Should the contractor offer me a written contract? What should be in it?
Some jurisdictions require contractors to provide a written contract if the project exceeds a set sum. A written contract is a good idea even if state law doesn’t require it. The contract should contain the full agreement between you and your contractor about the installation, and you’ll want to carefully read the contract to make sure that it’s complete and that you understand it.
This will typically include information about the specific product being installed, the agreed price, and the length of the project—start date and time, completion date, and how long residents or occupants should wait to return (this is called a “reoccupancy” time) since they must leave during the application period. Check that the name on the contract matches a name in the contractor’s license record. If the contractor is providing a warranty, get the warranty in writing as part of your contract. It’s important to understand whether a warranty is being offered by the manufacturer of the insulation product (generally for product performance), the contractor (generally for the quality of the installation), or both.
Contractors installing SPF will make arrangements for cleanup and removal of debris, including haul away of used or empty drums and canisters, as part of their completion of the job. These arrangements are sometimes included as specific contractual requirements.
I’m having insulation put in as part of a renovation of an older house. Are there additional considerations?
There could be, depending on the job. Certain renovation activities can trigger other rules or requirements, and contractors may need additional training. For example, U.S. Environmental Protection Agency (EPA) regulations require contractors who disturb enough space while renovating, repairing, or painting certain older (pre-1978) houses have to have lead-safe training and certification. EPA also has highly specialized rules for renovations in buildings that may contain asbestos.
Will my contractor get the building permit?
Construction of new homes and many remodeling projects, particularly those that are considered major or make structural changes, typically require building permits from the local building department. Note that although contractors will often get the permits, the ultimate responsibility for getting the correct permits usually belongs to the property owner under local laws. Talk to your contractor about who will take responsibility for getting the permits. Make sure a final inspection is done when the work is completed.
Can the contractor offer me incentives or rebates for using spray polyurethane foam insulation?
Incentives may be available from product manufacturers, government agencies, utility companies or other sources. Your contractor can be a great source of information about available incentive programs. You can also check the Energy Star website, the Database of State Incentives for Renewable Energy or with your local electric or gas supplier before your project begins.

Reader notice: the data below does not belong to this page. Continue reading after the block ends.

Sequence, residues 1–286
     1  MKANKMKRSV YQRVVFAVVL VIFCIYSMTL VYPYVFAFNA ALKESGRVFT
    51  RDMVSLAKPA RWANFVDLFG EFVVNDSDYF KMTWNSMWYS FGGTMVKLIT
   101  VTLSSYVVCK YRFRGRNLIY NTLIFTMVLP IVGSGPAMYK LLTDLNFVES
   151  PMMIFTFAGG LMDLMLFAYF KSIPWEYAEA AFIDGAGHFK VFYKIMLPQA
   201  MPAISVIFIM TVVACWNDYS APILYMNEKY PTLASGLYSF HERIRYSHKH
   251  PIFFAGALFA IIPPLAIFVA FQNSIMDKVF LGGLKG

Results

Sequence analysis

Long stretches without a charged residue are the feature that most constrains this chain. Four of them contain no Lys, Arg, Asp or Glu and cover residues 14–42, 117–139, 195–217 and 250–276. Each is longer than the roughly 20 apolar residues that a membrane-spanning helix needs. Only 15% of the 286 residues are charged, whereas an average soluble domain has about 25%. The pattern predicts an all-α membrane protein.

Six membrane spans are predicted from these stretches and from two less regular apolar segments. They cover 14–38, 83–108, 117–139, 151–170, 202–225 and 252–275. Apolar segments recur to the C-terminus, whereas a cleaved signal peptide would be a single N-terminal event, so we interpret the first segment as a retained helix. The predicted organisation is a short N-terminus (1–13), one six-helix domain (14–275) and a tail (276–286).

Are there other helpful documents the contractor can show me before the job starts?
Yes. They include the following:
- To learn more about the specific insulation product you’re having installed, just ask. Because the creation of spray polyurethane foam products discussed here involve mixing and reacting chemicals to make foam, the contractor will have documents called Safety Data Sheets (SDS), which contain information about the chemicals including their use, storage, handling, emergency procedures, first-aid, and potential health effects.
- Contractors generally have a printed handout that explains the insulation performance (called the R-value) of the installed product.
- Some jurisdictions may also require a small card called an insulation card to be posted after the job is completed. The card typically includes information such as the manufacturer of the insulation, the R-value of the product, the date of installation, and the contractor’s certification that the installation has been performed in accordance with local code requirements. The card is generally required to be posted in a prominent location, such as near the home’s electrical panels.
What else should I do before the job starts?
It can be very helpful to do a “walk through” with your contractor before the installation to help the installers locate the HVAC system and view the facility layout as they develop their ventilation plan. If the installation is inside a building, confirm with the contractor what the product manufacturer’s guidance is with respect to when residents or occupants must vacate the building and when they may reoccupy the space (called reoccupancy time) after job completion.
Should I call my contractor if any issues arise after installation?
Your contractor is your first point of contact if you have any questions after the installation. Your contractor can also put you in touch with the manufacturer of the spray polyurethane foam insulation product if any issues relating to the product arise.